Scrubbing through the loaded animation

The animation toolbar can be used to view each frame. Use the Advanced option to see the thumbnails too.

Opening the Timeline

The compositing tools are in the Timeline editor. Use the menu:

Animation > Timeline...

to open the animation timeline editor. It lets you apply many filters along the frames of your animation.

Composite with Sequence

scroll down to the bottom groups of filters, where you'll find the 'Composite with Sequence' filters.

Click the one named  'Alpha comp' which does the compotion by overlaying through an alpha channel expected to be found in each image to be composited.

Select Sequence

Click the button (the only parameter of this filter) that lets you select the image sequence that you want to composite over the current animation.

It helps to have that image sequence in its own folder.

Select First Frame of Sequence

Click the first frame's file of the sequnce to select it.

(click to enlarge ^)

Click 'Open' to have it selected

You can then immediately preview the effect of the filter's compositing action by scrubbing through the timeline, and not only on this current (first) frame.

 Just click anywhere in the timeline area. Even though you only selected one file (the first frame), PD Pro will figure out which other image files to use based on the number scheme expected in the first frame's filename.

Render the Composition

Now that all is in place, click the 'Render' button. Project Dogwaffle Professional will then apply the filter, frame for frame.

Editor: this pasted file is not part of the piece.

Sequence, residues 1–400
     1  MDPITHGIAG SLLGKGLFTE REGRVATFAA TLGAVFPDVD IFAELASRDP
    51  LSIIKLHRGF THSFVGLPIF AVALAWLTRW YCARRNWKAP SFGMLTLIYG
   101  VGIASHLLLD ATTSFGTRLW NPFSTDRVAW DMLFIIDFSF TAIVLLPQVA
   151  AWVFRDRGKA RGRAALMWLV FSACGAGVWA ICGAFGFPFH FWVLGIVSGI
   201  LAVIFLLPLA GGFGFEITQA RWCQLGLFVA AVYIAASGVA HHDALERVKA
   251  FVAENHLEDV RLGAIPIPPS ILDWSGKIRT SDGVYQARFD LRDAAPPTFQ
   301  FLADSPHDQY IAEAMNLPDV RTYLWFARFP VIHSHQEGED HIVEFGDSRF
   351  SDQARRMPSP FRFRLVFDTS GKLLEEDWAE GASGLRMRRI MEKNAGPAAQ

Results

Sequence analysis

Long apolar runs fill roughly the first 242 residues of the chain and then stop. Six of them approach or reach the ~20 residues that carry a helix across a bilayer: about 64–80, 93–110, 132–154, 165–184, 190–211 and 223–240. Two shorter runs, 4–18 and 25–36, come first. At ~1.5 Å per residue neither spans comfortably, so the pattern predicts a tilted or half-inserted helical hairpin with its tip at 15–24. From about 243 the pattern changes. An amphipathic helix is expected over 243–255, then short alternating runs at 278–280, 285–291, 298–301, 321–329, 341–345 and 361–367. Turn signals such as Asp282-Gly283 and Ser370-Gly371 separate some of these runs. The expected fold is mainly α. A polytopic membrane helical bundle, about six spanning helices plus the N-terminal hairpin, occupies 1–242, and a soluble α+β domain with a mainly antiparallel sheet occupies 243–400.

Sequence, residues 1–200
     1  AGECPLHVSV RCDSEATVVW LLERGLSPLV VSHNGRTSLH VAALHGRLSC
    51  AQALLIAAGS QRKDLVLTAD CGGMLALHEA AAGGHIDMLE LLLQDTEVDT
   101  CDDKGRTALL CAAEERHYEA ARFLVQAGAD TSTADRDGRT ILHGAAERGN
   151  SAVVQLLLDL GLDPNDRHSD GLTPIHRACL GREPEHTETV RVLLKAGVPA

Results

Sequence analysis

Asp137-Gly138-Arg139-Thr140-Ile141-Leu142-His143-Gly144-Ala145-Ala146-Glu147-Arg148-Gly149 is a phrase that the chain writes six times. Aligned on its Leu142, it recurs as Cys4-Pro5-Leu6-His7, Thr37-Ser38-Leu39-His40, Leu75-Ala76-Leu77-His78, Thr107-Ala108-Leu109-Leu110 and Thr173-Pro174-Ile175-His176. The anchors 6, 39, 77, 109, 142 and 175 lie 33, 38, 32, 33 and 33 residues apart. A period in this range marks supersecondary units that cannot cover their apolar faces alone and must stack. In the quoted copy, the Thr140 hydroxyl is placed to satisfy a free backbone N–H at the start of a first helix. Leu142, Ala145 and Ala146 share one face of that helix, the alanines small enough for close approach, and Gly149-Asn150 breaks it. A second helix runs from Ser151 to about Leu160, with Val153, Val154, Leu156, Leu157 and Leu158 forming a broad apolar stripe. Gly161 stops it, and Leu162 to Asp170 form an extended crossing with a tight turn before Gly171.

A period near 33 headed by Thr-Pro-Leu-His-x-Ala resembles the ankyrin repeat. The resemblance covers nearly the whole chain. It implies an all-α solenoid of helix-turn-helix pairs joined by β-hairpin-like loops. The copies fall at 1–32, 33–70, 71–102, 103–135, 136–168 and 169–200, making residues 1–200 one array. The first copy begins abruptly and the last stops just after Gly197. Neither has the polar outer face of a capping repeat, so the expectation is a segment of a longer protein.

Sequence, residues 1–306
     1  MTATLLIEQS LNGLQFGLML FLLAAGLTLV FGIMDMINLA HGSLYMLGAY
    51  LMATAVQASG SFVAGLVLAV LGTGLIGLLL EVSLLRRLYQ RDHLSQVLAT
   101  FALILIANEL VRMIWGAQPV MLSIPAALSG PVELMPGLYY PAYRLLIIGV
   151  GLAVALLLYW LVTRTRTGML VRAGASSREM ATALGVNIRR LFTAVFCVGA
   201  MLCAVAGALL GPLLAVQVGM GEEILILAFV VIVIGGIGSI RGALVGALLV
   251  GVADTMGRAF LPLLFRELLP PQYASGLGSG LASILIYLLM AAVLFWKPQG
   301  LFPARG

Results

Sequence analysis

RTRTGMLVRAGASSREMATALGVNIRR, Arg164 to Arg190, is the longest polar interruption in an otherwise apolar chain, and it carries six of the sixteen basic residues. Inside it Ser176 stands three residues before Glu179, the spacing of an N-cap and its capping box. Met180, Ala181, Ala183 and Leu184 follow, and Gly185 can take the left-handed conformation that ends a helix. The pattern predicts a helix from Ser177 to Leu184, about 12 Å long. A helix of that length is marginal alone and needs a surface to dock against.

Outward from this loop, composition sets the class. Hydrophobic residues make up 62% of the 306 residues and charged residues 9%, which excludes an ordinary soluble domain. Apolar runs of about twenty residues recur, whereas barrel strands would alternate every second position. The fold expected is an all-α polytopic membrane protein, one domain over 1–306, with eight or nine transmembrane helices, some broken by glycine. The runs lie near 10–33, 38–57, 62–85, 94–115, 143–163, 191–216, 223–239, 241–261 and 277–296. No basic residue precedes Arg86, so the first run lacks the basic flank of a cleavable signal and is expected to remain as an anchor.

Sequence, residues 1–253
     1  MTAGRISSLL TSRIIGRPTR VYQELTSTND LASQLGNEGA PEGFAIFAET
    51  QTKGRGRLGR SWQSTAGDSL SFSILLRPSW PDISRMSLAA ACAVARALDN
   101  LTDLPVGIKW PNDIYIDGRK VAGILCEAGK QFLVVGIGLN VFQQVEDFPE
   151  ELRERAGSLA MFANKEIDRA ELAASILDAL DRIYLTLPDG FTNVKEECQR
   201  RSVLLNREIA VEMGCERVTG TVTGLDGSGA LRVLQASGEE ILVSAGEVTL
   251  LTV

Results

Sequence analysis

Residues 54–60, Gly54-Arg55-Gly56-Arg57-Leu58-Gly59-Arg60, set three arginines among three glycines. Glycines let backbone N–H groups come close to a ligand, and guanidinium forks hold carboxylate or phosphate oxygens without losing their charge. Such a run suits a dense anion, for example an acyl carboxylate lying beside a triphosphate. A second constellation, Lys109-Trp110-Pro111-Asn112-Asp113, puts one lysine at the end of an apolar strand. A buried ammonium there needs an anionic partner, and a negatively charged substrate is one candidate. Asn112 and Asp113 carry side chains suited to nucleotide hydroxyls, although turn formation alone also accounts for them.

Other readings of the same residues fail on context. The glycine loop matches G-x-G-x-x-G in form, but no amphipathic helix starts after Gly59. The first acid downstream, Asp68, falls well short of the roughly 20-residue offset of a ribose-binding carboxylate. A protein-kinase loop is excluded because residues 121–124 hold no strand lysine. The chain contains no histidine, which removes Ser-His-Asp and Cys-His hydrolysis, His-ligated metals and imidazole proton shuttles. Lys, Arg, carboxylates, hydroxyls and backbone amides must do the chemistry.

Each frame from the sequence will be rendered over the corresponding frame of the current animation, and use the alpha mask from the sequence to ensure that only the pixels which are enabled (opaque) are composited into the existing animation.

View the resulting composition here:
AVI file:  12-composition-640x480.avi 
(1.7 MB, Indeo 4.5 codec, safe for Quicktime too)

While you're at it: Resampling the animation

You can quickly resample the new animation to a different resolution, using the Resample item in the Image menu. It will apply to all frames of the animation.

You can for example select from a number of preset dimensions, or just click the  "/2" button, for half the current size.

a few seconds later, you'll have the newly resized clip ready for viewing and saving.

Saving to AVI

Use the menu:  Animation > Save AVI

You were able to preview at different speeds, but you may want to save it for playback at a different speed when saving it to AVI file. For example, preview at 24 fps, but select 15 for final viewing on the web.

Be sure to indicate the desired target playback rate in the dialog when saving to AVI.

Here's an example, esampled down to 320x240 pixels:
AVI file: 16-compo-resamples320.avi 
(555 KB, Indeo 4.5 codec, safe for Quicktime)

other tools: TimeStretching

You can also do a number of other things directly on the frames, such as time stretching. For example, if we have 60 frames but want a total of 90 frames.

The time stretch dialog offers a way to specify the new desired frame count, and whether to create the new frames by blending their neighboring frames for smoother transtions.

Make Loopable

Another popular feature is to make an animation into a loopable animation.

There is another tutorial on that topic here: loopanim